Using a smaller amount of treated P25 takes longer but works just as well, he said. "Either way, it's green and it's cheap."
The team started modifying titanium dioxide two years ago. Li, an assistant professor in civil and environmental engineering whose specialties include water and wastewater treatment, approached Barron to help search for new photocatalytic nanomaterials to disinfect drinking water.
The revelation came when students in Barron's lab heated titanium dioxide, but it wasn't quite the classic "aha!" moment. Graduate student and co-author Michael Liga saw the data showing greatly enhanced performance and asked fellow graduate student Huma Jafry what she had done. Jafry, the paper's first author, said, "I didn't do anything," Barron recalled.
When Barron questioned Jafry, who has since earned her doctorate, he discovered she used silicone grease to seal the vessel of P25 before heating it. Subsequent testing with nonsilicone grease revealed no change in P25's properties, whether the sample was heated or not. Remarkably, Barron said, further work with varying combinations of titanium dioxide and silicone dioxide found the balance between the two at the time of the discovery was nearly spot-on for maximum impact.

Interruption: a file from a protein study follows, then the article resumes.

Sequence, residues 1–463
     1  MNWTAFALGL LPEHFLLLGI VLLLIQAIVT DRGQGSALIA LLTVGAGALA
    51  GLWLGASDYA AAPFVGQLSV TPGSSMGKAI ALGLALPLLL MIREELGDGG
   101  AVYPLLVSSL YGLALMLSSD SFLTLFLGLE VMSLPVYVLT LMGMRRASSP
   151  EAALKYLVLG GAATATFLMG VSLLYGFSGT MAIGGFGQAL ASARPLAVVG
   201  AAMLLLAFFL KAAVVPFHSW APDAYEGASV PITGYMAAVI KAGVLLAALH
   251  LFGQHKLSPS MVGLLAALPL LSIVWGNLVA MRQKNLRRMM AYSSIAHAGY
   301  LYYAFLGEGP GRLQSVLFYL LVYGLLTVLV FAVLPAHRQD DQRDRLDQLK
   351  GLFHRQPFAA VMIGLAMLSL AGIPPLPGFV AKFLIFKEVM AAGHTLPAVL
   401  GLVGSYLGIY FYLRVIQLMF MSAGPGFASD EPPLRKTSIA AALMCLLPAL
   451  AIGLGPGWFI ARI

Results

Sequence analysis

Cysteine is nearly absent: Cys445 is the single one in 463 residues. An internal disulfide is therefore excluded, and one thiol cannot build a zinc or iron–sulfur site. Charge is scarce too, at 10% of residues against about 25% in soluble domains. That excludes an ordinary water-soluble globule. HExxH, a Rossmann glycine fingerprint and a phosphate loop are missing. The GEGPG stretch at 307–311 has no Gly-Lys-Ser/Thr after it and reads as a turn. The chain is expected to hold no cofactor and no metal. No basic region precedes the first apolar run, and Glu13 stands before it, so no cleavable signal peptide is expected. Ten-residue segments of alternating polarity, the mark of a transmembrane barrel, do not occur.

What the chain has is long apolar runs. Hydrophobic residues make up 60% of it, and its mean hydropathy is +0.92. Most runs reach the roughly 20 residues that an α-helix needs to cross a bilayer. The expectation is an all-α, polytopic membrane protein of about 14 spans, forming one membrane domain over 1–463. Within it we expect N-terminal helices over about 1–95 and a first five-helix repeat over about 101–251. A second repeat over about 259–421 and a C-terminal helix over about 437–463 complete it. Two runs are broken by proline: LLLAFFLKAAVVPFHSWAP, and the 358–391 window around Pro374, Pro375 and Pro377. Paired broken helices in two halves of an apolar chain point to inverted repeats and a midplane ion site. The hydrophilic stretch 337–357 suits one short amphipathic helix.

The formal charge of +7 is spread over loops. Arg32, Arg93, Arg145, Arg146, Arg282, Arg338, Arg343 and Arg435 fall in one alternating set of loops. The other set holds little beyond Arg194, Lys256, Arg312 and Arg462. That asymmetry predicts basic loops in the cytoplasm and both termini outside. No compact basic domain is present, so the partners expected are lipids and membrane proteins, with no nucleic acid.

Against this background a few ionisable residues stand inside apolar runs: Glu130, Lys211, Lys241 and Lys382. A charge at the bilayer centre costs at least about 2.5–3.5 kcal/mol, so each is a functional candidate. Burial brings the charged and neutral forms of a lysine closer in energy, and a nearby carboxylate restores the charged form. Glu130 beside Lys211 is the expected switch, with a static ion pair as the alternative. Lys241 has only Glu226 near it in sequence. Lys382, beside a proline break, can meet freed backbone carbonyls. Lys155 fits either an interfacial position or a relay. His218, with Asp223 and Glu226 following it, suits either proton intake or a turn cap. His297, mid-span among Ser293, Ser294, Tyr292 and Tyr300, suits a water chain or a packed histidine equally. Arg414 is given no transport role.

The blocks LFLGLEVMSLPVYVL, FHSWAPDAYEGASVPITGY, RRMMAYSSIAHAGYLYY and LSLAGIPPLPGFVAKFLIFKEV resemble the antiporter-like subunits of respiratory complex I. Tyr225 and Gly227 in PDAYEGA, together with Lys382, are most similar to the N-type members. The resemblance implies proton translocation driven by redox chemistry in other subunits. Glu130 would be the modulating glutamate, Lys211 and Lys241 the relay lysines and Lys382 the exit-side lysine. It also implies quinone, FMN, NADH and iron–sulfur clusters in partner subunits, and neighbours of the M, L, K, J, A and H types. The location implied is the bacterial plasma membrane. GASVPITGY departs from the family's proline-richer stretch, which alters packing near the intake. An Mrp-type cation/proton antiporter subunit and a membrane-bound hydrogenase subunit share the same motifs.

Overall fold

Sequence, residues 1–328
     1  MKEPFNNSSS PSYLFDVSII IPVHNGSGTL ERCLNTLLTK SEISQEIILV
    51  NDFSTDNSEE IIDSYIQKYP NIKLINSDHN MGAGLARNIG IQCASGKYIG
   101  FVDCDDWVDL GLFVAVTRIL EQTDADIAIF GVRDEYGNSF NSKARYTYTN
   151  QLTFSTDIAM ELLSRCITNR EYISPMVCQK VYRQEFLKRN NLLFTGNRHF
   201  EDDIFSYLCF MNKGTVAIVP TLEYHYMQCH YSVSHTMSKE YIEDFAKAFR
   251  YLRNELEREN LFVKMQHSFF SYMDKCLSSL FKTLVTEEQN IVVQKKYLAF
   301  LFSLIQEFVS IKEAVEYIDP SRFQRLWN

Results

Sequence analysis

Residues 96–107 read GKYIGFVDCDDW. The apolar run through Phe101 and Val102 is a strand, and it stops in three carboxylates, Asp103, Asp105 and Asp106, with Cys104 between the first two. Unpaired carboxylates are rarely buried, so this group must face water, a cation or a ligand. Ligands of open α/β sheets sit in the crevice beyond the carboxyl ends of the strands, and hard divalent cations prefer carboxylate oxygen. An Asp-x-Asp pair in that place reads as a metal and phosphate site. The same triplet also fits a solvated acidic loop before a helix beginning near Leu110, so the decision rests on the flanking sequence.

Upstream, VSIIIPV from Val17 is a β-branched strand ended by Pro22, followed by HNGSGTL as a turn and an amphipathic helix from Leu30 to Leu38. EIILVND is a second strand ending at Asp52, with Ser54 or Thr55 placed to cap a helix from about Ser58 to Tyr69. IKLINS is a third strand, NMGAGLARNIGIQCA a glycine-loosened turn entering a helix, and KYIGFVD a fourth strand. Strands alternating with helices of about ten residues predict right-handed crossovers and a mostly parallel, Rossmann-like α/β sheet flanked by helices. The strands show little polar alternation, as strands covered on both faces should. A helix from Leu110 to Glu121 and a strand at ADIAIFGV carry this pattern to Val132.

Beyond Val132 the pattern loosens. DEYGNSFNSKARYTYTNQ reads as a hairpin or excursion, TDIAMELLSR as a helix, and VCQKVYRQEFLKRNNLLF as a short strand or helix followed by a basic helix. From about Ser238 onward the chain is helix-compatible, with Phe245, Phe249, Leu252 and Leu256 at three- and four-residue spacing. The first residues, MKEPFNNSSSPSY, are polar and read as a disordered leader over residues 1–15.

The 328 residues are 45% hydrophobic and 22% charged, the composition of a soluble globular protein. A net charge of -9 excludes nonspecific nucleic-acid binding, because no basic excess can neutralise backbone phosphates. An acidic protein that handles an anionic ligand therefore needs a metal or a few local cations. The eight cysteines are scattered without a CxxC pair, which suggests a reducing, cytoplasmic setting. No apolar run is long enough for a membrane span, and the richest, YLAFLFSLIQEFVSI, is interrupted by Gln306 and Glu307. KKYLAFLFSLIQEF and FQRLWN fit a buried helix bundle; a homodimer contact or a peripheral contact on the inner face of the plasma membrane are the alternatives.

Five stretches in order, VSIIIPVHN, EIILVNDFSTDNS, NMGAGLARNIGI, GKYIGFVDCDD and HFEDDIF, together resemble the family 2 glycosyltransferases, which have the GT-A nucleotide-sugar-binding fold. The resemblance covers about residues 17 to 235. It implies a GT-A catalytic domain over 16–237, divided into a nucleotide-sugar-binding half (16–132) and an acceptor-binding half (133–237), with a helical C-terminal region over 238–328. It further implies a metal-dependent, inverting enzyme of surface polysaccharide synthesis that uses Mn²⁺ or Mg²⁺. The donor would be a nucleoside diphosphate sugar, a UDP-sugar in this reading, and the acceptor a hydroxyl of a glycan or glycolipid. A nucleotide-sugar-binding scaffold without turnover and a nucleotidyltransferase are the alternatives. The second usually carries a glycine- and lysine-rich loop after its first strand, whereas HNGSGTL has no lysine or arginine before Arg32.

Barron said binding just the right amount of silica to P25 creates an effect at the molecular level called band bending. "Because the silicone-oxygen bond is very strong, you can think of it as a dielectric," he said. "If you put a dielectric next to a semiconductor, you bend the conduction and valence bands. And therefore, you shift the absorption of the ultraviolet (used to activate the catalyst)."
Bending the bands creates a path for e
|Contact: David Ruth|